Saturday, July 29, 2006

To sleep, perchance to breathe: a boring but informative update on my adventures in sleep apnea

Note: If I've already told you the results of my doctor's visit you can skip most of this post. You've heard all this before! Also, other than a fun asleep-at-the-wheel graphic, I haven't even attempted to be wry, witty, sarcastic, or humorous in any way.

I knew the night of the sleep study that I had Obstructive Sleep Apnea (hereinafter OSA) but didn't know the severity. A couple of weeks ago, I got this in the mail:

So, now I knew I had "moderately severe" sleep apnea which shot my hopes of non-CPAP treatment out of the water and that I needed to get in to the doctor so I could move forward to the next steps which would more than likely include another night at the sleep center for a full night on the CPAP.

According to my doctor, I was having an average of 16 apnea/hypopnea events per hour. (Hypopnea is when you stop breathing for less than 10 seconds as opposed to the apnea where you stop breathing for 10 seconds or more.) When I was lying on my back, the "events" increased to 22 per hour. My oxygen saturation dipped as low as 90%. Now, I didn't think that was bad because my internet research indicated that it could go well below that. I said to the doctor, "That's not that bad," and he shot me a look that said, "It's bad enough, lady."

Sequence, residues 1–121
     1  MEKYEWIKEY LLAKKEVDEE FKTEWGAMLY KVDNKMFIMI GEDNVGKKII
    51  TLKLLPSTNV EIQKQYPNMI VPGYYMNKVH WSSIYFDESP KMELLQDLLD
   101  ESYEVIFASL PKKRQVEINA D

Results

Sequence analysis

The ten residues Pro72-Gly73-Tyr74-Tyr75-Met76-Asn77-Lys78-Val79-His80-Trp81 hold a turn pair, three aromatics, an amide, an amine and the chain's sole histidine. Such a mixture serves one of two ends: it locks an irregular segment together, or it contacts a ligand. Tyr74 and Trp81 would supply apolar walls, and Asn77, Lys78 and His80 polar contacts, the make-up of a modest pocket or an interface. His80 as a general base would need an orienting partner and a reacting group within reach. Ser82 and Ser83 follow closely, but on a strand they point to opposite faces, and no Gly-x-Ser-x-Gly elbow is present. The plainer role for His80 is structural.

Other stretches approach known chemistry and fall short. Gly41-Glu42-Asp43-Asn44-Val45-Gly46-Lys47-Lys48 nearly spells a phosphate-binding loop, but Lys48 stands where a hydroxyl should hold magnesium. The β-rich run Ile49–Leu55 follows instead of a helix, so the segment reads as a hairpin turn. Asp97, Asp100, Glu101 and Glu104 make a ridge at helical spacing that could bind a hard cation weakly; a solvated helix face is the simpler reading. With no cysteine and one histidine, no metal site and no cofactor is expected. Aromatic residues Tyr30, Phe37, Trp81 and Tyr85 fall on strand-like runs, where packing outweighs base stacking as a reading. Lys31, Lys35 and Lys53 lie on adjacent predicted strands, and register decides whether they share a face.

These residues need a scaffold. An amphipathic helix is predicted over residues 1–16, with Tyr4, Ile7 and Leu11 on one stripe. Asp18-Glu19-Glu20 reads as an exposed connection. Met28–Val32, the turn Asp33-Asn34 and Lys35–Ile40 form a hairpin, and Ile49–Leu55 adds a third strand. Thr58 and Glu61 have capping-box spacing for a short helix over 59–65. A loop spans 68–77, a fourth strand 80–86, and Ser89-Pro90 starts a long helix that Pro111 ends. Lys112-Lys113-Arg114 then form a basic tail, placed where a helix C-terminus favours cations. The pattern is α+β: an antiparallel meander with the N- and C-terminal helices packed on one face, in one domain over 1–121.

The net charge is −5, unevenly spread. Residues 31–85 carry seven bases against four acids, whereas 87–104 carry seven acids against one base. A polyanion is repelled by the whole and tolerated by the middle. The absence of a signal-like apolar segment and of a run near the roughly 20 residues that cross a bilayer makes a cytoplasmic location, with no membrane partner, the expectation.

I was also diagnosed with mild Periodic Limb Movement Disorder and mild Delayed Sleep Phase. PLMD is when you limbs thrash about in your sleep and rouse you from your good sleep. So, it has a similar effect as apnea but at least you are breathing. It was recommended that I monitor my caffeine intake as it could make the PLMD worse. Delayed Sleep Phase is merely that I go to sleep later than the average person and, if possible, sleep in later. It isn't not a big deal, especially because when I filled out the questionnaire which led to this diagnosis, I was having a lot of interrupted sleep and so I was sleeping in when I could. With the onset of swim lessons for Marley and summer school for Colin, I have had to get up earlier and so have also gone to bed earlier.

So, the complete recommendations are that I lose weight and start CPAP therapy. I was given a prescription to Rhinocort to help with congestion. This should help me tolerate the machine better. The most interesting little bit was my doctor's telling me not to drive after 4 pm until I begin my CPAP treatment.

Because of the suspicion that many, many car accidents are caused by people nodding off at the wheel, the doctor was very serious about me not driving in the later afternoon. So, I should have my CPAP in 3-4 weeks and I live close to a lot of things, I have people who can give me rides if I need it, Paul will only be gone about 6 days during that time. I can live with the restriction for that long.

So, that wraps up the update. Thanks to everyone who has made sympathetic noises and sent up prayers for me. They are much appreciated.

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